Seventeen-year-old May Convery, unhappy with her privileged life in turn-of-the-century New York City, dreams of becoming a poet. When she meets the talented young Mike Bernard, an aspiring concert pianist, she immediately falls in love. But after their secret liaison is discovered, neither is prepared for the far-reaching consequences that will haunt them for decades. As Mike abandons serious music to ruthlessly defend his hard-won title, Ragtime King of the World, May struggles to find her voice as an artist and a woman. It is not until years after their youthful romance, when they cross paths again, that they must finally confront the truth about themselves and each other. But is it too late?
The world of ragtime is the backdrop for a remarkable story about the price of freedom, the longing for immortality, and the human need to find forgiveness. From vaudeville’s greatest stars to the geniuses of early black musical theater, an unforgettable cast of real-life characters populates this richly-fictionalized historical saga.
Temptation Rag is the second historical novel by award-winning author Elizabeth Hutchison Bernard, who says about the book:
“I was a performing and touring musician for nearly a decade, so I took on this project already understanding a lot about music and the life of a musician. Through my husband’s family connection to the legendary Mike Bernard—who won the title ‘Ragtime King of the World’ in 1900 and was the first solo ragtime pianist to record for Columbia Records—I had access to information and official documents not previously reported. I also had the honor and pleasure of comparing research with ragtime scholars, who generously shared their knowledge with me and, fortunately, were willing to accept that imaginative fiction-writing is quite different from scholarly writing.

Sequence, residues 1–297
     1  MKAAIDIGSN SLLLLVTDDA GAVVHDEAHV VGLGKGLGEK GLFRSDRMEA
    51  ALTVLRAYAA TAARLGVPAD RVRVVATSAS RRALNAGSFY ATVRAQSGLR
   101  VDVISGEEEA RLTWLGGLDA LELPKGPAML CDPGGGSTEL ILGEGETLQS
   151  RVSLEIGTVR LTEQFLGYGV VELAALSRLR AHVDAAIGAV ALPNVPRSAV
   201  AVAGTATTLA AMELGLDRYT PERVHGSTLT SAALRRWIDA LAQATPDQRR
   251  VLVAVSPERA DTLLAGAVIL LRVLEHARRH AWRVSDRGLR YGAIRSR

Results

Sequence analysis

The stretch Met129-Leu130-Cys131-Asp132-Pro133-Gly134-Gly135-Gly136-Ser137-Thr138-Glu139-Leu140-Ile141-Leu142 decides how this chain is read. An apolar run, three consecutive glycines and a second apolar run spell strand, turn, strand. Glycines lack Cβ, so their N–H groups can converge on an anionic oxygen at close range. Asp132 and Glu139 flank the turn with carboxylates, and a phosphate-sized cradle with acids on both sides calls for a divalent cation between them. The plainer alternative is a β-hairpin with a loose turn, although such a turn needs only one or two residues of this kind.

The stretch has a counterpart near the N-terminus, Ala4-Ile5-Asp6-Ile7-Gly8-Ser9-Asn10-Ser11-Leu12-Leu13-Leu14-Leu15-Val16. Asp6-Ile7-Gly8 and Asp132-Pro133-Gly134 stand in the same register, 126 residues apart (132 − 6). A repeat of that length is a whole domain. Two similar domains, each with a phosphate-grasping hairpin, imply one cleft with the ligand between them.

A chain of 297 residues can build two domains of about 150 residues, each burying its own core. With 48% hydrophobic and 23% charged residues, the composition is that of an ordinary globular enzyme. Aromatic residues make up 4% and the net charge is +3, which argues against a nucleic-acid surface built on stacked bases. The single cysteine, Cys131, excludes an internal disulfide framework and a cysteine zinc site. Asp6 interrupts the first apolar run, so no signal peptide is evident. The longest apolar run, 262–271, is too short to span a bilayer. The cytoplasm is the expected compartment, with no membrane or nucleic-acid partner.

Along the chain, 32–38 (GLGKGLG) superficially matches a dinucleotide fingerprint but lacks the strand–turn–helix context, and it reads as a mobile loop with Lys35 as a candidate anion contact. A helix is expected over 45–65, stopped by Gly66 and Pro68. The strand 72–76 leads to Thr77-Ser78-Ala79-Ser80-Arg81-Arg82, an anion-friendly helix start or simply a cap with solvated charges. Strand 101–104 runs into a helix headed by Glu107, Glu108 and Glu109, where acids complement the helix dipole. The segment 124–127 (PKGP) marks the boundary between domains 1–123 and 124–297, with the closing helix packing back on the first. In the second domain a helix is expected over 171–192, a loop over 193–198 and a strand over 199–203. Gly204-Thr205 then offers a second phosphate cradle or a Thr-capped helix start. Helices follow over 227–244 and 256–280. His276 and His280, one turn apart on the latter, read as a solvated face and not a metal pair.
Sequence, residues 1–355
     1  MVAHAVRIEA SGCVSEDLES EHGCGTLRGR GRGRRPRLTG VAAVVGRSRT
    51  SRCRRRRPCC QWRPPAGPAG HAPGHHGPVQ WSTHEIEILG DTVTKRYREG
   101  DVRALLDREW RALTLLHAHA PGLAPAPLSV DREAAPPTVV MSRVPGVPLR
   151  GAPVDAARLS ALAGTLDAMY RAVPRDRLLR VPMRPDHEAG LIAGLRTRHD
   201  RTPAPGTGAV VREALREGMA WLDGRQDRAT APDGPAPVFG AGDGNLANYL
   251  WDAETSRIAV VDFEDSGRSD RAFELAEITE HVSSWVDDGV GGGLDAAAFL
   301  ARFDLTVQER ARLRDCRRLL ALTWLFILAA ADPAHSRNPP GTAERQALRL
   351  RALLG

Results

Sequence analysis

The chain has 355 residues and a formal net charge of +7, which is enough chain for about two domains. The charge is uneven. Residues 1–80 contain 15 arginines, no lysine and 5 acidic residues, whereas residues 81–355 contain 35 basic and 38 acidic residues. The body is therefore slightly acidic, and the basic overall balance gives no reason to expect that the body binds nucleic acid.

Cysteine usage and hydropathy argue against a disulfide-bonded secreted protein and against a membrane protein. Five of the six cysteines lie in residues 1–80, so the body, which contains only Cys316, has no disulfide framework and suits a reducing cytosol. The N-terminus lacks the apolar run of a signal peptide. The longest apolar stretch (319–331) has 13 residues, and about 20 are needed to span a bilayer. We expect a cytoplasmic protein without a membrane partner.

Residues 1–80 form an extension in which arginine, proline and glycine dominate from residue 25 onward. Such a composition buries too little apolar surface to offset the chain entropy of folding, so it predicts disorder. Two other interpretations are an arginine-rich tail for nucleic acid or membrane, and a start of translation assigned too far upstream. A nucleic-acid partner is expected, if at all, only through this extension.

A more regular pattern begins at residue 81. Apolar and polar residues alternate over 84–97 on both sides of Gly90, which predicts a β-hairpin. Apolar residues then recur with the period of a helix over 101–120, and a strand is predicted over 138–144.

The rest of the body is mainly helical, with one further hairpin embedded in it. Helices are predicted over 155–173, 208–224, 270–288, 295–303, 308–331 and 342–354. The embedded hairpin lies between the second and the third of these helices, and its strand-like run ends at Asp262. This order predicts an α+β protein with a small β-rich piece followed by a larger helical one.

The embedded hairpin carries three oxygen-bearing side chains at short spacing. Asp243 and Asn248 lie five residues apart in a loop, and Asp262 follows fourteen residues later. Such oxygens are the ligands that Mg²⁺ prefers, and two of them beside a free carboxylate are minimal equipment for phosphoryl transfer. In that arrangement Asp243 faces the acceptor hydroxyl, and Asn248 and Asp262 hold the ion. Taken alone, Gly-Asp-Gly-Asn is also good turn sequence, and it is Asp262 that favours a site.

“While Temptation Rag started out as a book inspired by my husband’s grandfather, it ended up as a fictionalized historical saga with significance far beyond any single individual. The story of ragtime in America can’t be told without also telling the story of African American music and its influence on American culture. I want readers to feel immersed in the ragtime era, to feel as if they have gotten to know some of the real-life characters who populated vaudeville and African American musical theater in New York City from 1895-1929, and to understand the frustration of black musicians struggling for recognition at a crossroads in America’s musical history.”